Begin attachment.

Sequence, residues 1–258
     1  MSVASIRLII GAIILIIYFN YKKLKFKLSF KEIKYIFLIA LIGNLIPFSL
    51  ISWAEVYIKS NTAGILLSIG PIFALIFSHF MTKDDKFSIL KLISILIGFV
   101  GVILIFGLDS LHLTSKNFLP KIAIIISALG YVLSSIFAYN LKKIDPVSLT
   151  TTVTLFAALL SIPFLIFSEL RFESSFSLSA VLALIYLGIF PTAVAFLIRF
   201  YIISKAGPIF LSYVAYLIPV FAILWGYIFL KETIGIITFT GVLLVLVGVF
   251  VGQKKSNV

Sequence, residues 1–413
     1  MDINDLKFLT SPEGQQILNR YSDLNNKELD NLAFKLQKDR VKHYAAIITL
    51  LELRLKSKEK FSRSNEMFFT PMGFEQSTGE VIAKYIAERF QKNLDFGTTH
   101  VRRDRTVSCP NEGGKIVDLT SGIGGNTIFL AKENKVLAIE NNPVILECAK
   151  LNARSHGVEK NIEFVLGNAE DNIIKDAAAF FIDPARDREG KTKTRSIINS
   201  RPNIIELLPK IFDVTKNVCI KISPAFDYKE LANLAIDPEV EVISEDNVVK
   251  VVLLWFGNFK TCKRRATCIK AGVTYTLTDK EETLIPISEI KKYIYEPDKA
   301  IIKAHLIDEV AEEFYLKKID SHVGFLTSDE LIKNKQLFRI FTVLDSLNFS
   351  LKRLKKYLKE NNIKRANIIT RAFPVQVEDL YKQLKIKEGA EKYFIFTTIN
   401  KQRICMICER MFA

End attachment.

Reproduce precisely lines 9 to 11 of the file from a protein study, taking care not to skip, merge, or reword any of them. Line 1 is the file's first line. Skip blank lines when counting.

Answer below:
     1  MDINDLKFLT SPEGQQILNR YSDLNNKELD NLAFKLQKDR VKHYAAIITL
    51  LELRLKSKEK FSRSNEMFFT PMGFEQSTGE VIAKYIAERF QKNLDFGTTH
   101  VRRDRTVSCP NEGGKIVDLT SGIGGNTIFL AKENKVLAIE NNPVILECAK